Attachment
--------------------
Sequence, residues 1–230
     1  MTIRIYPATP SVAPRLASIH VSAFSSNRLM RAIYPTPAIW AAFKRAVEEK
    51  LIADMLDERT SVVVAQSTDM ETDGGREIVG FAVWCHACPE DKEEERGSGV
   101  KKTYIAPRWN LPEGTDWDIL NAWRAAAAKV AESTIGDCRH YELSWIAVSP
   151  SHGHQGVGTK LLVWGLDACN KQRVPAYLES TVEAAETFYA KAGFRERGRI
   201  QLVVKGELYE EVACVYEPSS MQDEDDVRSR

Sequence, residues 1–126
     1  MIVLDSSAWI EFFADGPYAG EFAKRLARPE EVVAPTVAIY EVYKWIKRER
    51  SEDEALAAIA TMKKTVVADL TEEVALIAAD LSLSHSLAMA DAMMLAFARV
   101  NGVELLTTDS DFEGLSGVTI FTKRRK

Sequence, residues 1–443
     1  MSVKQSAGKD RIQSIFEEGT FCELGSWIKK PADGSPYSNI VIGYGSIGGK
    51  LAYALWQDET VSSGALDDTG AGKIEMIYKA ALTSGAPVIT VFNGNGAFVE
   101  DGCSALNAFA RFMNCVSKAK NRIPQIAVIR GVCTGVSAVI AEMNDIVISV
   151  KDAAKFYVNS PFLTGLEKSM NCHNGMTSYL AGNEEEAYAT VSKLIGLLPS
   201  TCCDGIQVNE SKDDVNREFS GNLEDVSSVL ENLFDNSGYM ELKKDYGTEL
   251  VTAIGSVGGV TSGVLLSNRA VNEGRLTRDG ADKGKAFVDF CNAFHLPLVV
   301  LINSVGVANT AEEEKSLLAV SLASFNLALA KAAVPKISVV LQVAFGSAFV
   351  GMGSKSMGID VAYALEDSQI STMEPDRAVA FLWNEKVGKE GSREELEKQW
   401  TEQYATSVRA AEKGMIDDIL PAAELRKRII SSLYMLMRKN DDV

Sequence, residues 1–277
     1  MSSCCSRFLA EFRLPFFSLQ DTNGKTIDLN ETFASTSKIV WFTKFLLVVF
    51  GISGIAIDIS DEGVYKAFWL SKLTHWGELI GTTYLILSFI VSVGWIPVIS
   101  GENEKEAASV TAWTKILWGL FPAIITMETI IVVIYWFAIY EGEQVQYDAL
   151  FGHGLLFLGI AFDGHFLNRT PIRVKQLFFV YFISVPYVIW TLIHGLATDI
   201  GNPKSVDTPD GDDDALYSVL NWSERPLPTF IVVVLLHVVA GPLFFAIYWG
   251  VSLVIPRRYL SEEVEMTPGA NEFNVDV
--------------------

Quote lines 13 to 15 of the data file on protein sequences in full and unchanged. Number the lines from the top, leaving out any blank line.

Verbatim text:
    51  LAYALWQDET VSSGALDDTG AGKIEMIYKA ALTSGAPVIT VFNGNGAFVE
   101  DGCSALNAFA RFMNCVSKAK NRIPQIAVIR GVCTGVSAVI AEMNDIVISV
   151  KDAAKFYVNS PFLTGLEKSM NCHNGMTSYL AGNEEEAYAT VSKLIGLLPS